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More reforms needed to boost jobs, incomes: OECD

Restoring growth to the higher levels needed to provide ample jobs and ease inequality will require accelerating the pace of structural reforms to revive investment and exports.

ET Bureau|
Updated: Dec 06, 2019, 06.44 AM IST
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NEW DELHI: India is set for a modest recovery after a loss of momentum as reforms to simplify taxation, lighten business regulations and upgrade infrastructure start to bear fruit, the Organization for Economic Cooperation and Development (OECD) said on Thursday, even as it pushed for reforms to create jobs and improve public welfare.

Growth in Asia's third largest economy will slowdown to 5.8% in 2019 but would recover to 6.2% in 2020 and 6.4% in 2021, the OECD said in its ‘Economic Survey of India’ report. The Reserve Bank of India (RBI) on Thursday kept its key lending rate unchanged and sharply lowered its gross domestic product (GDP) growth forecast to 5% from 6.1%, while maintaining an "accommodative" policy stance.

India's economy grew 6.8% in FY19. But economic expansion slowed to 4.5% in July-September, the weakest pace in more than six years, from 5% in the June quarter.

“However, this slower pace of growth underlines the need to fully implement existing reforms and continue lowering barriers to trade to generate the investment and jobs India needs to raise living standards across the country," said OECD chief economist Laurence Boone.

The OECD report noted that India has greatly expanded its participation in global trade in recent years but private investment remains relatively weak, employment rate has declined amid a shortage of quality jobs, rural incomes are stagnating, and per capita income varies considerably across states.

“Further reforms to modernise the economy are now needed to drive the creation of high-quality jobs, as well as measures to improve public services and welfare,” it said.

6th dec graph 2

Speaking at the launch of the report, chief economic adviser to the government Krishnamurthy Subramanian said global economic growth is significantly low, which is having an impact on India as well.

“The global economy today is at one of its significantly low points... the current lull is particularly exasperated by a consistent attempt to downgrade the power of multilateralism,” he said.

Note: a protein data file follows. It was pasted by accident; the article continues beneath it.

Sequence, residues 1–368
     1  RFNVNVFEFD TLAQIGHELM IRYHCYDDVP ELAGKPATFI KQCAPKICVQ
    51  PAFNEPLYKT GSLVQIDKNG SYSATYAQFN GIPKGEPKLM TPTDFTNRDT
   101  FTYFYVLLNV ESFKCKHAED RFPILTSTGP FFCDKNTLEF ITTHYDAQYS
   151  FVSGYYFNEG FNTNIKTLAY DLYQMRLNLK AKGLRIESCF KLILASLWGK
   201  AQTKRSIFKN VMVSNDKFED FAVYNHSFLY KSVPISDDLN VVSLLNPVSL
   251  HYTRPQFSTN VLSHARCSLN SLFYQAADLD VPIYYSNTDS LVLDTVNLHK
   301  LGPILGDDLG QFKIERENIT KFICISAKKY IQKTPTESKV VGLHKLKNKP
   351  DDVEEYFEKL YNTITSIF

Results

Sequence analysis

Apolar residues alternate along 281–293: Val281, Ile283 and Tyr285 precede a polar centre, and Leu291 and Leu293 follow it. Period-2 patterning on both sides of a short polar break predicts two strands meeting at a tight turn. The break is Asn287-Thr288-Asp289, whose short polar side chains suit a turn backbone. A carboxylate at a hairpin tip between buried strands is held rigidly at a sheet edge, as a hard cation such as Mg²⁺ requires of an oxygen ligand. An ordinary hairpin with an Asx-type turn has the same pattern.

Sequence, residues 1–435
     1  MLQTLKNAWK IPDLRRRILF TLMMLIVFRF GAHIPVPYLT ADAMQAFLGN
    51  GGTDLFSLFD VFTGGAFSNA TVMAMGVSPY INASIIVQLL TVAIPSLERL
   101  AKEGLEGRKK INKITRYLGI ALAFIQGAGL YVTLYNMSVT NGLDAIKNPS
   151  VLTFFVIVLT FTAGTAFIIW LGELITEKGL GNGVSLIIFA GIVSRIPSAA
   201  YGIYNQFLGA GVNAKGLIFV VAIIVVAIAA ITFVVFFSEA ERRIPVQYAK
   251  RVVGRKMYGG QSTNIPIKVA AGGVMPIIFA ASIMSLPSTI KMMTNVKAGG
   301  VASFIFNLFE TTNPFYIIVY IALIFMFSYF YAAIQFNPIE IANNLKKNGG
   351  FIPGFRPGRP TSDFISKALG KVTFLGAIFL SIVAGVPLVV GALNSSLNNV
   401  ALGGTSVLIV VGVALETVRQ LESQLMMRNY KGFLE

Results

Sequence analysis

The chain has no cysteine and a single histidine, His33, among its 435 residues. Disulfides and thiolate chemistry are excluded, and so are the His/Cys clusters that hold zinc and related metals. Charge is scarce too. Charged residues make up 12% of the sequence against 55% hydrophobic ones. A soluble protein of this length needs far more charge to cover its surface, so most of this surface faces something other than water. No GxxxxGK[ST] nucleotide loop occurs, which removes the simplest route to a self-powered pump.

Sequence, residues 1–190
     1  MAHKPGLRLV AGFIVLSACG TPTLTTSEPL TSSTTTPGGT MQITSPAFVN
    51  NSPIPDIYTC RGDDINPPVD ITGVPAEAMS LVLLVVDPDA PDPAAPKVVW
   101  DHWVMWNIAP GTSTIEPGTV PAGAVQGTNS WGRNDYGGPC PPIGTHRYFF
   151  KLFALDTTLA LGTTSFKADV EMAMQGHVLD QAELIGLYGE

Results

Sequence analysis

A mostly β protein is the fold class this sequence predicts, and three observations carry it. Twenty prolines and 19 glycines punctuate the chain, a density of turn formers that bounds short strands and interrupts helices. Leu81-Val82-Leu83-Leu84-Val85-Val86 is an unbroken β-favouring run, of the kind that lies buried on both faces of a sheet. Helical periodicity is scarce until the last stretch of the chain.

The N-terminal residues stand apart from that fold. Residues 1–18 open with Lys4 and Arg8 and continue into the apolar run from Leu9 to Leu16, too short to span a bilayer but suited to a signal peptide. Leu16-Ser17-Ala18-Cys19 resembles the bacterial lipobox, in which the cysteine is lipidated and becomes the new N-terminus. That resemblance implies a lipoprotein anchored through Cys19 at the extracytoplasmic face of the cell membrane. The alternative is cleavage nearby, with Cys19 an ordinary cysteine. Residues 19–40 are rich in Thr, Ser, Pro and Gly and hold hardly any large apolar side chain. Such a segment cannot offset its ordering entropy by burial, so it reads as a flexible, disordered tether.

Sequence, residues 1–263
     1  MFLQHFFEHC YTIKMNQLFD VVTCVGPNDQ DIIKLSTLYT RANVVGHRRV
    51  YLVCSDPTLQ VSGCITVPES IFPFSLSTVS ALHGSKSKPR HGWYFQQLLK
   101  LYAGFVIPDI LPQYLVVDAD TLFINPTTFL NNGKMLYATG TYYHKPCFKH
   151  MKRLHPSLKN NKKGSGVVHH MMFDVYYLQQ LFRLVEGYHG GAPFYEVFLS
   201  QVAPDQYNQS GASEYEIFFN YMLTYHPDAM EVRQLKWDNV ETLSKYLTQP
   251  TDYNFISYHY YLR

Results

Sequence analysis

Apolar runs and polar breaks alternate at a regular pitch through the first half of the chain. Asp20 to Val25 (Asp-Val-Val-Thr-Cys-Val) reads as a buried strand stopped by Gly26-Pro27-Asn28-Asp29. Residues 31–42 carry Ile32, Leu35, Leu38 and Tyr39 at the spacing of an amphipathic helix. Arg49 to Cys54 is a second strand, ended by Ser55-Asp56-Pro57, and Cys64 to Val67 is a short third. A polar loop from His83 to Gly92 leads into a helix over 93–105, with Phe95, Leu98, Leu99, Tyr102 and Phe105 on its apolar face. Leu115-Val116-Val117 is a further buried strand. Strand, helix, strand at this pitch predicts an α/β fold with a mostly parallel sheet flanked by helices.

As per the report, restoring growth to the higher levels needed to provide ample jobs and ease inequality will require accelerating the pace of structural reforms to revive investment and exports.

Macro Policies

Monetary policy should remain accommodative as long as inflation is set to remain comfortably close to the target, the survey said. It called for India to “improve transparency” in off-budget transactions and its contingent liabilities as the government deficit-to-GDP ratio has declined but public spending programmes are being financed off the budget.

“Establishing a fiscal council would help monitor progress toward fiscal targets and bring transparency,” the Paris-based organisation said. This comes after the government included extra budgetary resources, comprising fully-serviced government bonds, in the budget estimates for 2019-20.

India’s public debt-to-GDP ratio remains relatively high, the survey said. Although the central government deficit and state deficits have declined, off-budget financing has increased, it said.

Services Trade, Labour Laws
Reducing restrictions to services trade imposed by trading partners and by India on imports would further boost trade in services, also giving a lift to manufacturing and the general economy.

The OECD estimates suggest India would be the biggest beneficiary of a multilateral cut in services trade restrictions. Even without a multilateral agreement, moving alone to overhaul regulations would have a positive impact.

Doing more to simplify complex labour laws – many of which discourage hiring by becoming binding as firms grow above stated thresholds – would help raise the share of quality jobs demanded by a fastgrowing and well-educated youth population in a country where the vast majority of employment is informal.

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